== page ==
After living five years on an island off the coast of Belize and two years in the magical Mexican city San Miguel de Allende, isolation is just another change that we hadn’t planned on.
Recently, while commiserating with a friend who had squirted a tube of oil paint on a wall while trying to open it, it occurred to me that accidents are art waiting for vision to give them purpose. The corollary to that is: There are no accidents in art. So, let’s substitute the word “life” for “art.”
Accidents—or events beyond our control—are art waiting for vision to give them purpose. And, yes, there are no real accidents in life.
And so, here we are, isolated in a building that was once a salon for artists, poets, musicians, and intellectuals. Reputedly, a long-ago owner and professor from Boston was romantically involved with the great architect Frank Lloyd Wright. It is just a rumor, but a charming one at that. I’d hate to destroy it with facts.
In the building are several Frank Lloyd Wright chairs. You can tell by their classic lines and complete disregard for human comfort.
The tiled sign by the entrance says we live in Casa de Los Poetas—the House of the Poets. The house is now carefully carved up into four apartments, of which ours, at the very top, is the only one occupied since the Coronavirus siege began.
We are surrounded by terraces that look out over the city. I can count nine Catholic churches in a single sweep from left to right, including the iconic Parroquia de Arcangel San Miguel and my neighborhood church, San Antonio. In isolation, I have learned to count the bells and decipher their meaning. Church bells have spoken to the people here for hundreds of years. It is practically a second or third language.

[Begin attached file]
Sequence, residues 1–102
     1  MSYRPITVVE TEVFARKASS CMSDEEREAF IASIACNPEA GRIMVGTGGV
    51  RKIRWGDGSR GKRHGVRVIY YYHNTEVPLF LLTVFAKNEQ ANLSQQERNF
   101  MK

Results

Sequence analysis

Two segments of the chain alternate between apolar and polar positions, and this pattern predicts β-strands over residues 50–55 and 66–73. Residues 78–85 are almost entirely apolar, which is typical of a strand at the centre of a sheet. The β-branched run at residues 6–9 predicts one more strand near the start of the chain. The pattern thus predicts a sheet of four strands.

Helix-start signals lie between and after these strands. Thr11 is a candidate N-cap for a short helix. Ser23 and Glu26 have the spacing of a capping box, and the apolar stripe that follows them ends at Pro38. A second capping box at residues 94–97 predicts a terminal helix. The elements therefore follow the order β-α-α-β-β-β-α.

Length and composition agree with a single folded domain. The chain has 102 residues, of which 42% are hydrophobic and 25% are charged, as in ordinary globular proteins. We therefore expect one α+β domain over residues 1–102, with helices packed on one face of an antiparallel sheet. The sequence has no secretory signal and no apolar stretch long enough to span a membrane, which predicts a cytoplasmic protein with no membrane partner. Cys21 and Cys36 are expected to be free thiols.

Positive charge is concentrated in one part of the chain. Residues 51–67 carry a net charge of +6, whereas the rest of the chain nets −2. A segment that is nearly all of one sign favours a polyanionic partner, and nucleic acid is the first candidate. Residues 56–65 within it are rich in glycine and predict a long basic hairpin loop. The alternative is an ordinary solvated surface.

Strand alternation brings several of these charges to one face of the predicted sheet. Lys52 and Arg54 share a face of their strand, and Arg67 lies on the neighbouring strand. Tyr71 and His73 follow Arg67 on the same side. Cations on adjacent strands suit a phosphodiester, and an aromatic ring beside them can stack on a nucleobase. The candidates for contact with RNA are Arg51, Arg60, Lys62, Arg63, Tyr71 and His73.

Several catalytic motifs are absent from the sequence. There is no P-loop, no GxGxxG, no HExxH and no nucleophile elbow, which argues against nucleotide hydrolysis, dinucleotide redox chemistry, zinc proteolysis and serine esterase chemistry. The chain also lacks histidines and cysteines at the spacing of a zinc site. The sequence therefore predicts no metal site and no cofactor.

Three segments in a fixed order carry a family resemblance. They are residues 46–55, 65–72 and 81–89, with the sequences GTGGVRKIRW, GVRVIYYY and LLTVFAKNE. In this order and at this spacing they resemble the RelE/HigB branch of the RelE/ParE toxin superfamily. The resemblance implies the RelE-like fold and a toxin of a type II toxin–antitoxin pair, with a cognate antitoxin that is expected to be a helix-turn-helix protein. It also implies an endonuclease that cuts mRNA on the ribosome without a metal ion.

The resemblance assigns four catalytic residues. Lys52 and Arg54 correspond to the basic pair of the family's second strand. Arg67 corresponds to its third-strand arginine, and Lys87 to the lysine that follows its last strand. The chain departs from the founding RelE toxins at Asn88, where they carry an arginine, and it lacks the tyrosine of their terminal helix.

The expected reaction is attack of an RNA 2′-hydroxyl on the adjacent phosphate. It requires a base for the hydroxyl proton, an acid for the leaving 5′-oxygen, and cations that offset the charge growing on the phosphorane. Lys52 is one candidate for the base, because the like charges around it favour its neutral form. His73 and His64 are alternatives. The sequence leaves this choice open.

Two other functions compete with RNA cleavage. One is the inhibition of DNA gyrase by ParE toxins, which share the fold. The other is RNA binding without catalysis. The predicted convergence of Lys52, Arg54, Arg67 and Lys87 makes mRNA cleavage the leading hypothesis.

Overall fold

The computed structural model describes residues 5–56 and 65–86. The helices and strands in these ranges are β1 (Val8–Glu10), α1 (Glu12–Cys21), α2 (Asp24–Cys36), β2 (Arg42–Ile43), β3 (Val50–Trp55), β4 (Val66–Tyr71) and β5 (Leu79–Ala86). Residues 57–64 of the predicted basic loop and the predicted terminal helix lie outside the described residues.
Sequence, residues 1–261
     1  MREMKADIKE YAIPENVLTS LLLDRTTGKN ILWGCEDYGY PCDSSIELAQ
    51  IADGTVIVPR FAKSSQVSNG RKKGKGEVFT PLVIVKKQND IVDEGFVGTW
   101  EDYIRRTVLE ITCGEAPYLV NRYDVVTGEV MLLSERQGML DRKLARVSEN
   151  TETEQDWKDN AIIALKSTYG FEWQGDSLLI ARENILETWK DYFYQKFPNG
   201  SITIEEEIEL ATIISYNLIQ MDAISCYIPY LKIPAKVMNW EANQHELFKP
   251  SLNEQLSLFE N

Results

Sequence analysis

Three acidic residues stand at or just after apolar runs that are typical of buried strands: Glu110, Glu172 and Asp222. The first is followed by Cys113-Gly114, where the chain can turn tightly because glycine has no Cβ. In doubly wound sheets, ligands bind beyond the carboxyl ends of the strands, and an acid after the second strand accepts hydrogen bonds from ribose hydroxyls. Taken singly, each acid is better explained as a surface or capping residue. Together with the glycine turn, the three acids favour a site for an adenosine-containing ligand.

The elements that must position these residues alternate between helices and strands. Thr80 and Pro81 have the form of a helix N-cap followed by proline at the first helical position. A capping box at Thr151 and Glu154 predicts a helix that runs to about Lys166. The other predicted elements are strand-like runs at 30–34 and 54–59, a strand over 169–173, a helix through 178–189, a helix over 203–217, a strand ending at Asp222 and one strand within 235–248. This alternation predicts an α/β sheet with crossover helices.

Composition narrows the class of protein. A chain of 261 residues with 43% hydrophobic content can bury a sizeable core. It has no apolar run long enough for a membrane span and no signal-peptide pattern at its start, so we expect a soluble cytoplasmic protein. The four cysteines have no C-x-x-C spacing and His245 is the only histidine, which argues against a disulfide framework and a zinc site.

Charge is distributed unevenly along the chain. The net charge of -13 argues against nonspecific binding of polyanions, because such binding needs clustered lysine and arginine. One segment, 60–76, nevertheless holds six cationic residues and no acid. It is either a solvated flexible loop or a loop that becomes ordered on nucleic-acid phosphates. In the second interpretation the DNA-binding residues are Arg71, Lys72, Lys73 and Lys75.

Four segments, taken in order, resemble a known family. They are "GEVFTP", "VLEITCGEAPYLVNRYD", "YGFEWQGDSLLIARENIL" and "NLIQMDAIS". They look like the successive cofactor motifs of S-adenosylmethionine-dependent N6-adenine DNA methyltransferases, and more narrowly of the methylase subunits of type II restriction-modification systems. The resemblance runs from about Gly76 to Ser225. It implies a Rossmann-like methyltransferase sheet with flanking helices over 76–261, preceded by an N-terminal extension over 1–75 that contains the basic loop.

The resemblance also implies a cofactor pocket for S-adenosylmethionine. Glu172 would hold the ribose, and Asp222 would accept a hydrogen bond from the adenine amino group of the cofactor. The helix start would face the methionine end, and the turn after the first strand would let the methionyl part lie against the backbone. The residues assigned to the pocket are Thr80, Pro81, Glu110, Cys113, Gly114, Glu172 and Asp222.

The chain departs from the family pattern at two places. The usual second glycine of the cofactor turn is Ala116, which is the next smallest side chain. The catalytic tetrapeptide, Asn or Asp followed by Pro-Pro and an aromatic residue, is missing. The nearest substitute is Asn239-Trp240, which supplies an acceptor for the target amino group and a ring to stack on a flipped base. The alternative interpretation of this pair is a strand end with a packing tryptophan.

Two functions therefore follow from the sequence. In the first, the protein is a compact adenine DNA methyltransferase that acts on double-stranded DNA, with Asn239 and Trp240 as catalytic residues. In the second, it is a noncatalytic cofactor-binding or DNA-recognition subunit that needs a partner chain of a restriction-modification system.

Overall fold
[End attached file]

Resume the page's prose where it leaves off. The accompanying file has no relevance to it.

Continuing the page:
From the rooftop terrace, practically all of San Miguel is there before me. It almost feels like a castle turret, and I imagine fending off an attacking enemy with rockets and arrows. Or, these days, Purell and face masks.
In PC days—pre-Covid—we would sit up there in the evening and watch fireworks almost weekly. This town celebrated so much and had so much to celebrate. In the morning, hot air balloons—as many as five—would rise sleepily into the sky and lazily float over the skyline, occasionally rasping for a hot breath to lift themselves ever higher over the church spires.
The balloons and fireworks are gone for now and so are the sometimes intrusive sounds of city life. Into this vacuum has come the melodic symphony of songbirds. Maybe they were always there—like the nightingale in Berkeley Square—but who could hear them?
We have a park-like garden in the back with a table and benches, a fountain and sculptures, and a stately sweeping Jacaranda tree that offers shade in the afternoon and endless sneezing when the lavender flowers are in bloom.
In a physical sense, even while sequestered, there is always someplace “to go” without leaving the house.
Being the only occupants, my wife can dance with abandon in the living room and not irritate downstairs neighbors. And she does. For a former ballerina and dance teacher and now a Pilates teacher denied use of her studio, movement is cathartic.
She studies Spanish, cooks amazing meals, knits, and binge watches “Homeland,” but she needs to be in motion—yoga, Pilates, and dance (with LOTS of music) are the punctuation marks that give her sentence of house-arrest coherence.
Being a writer, I lead a quieter life.
Sequestration has opened up wider spaces for thinking. My wife calls them naps, but you writers out there know better, right? I also enjoy the time to explore my inner-introvert. I like being isolated.
Toward the end of March though, I began to wonder, “What am I really doing with all this time?” OK, writing a novel. But who isn’t? That’s only worth talking about when it is done, if it ever gets done. Meanwhile, what’s up?
In “Dandelion Wine,” Ray Bradbury’s highly fictionalized and stylized memoir, the pre-teen Doug is laying out the harsh reality of summer to his younger brother: “Every year the same things, same way, no change, no difference. That’s one half of summer, Tom.”
“What’s the other half?”
“Things we do for the first time ever.”
So, what is that “other half” of isolation?
To find out just what I am up to, I decided, like Doug in “Dandelion Wine,” to keep a list. My sadly empty and utterly useless 2020 daily appointment book has come in very handy. Each morning, I turn to that day’s blank page and begin to log the things that I do.
Not “the same things, same way, no change, no difference” kind of things—like showers, eating, naps, shaving, self-inflicted haircuts, buying wine, laundry, walk the dog, doctor visits, mail runs, buying more wine, and dishes—unless they fit into the “other things” narrative in an interesting way.
They usually don’t.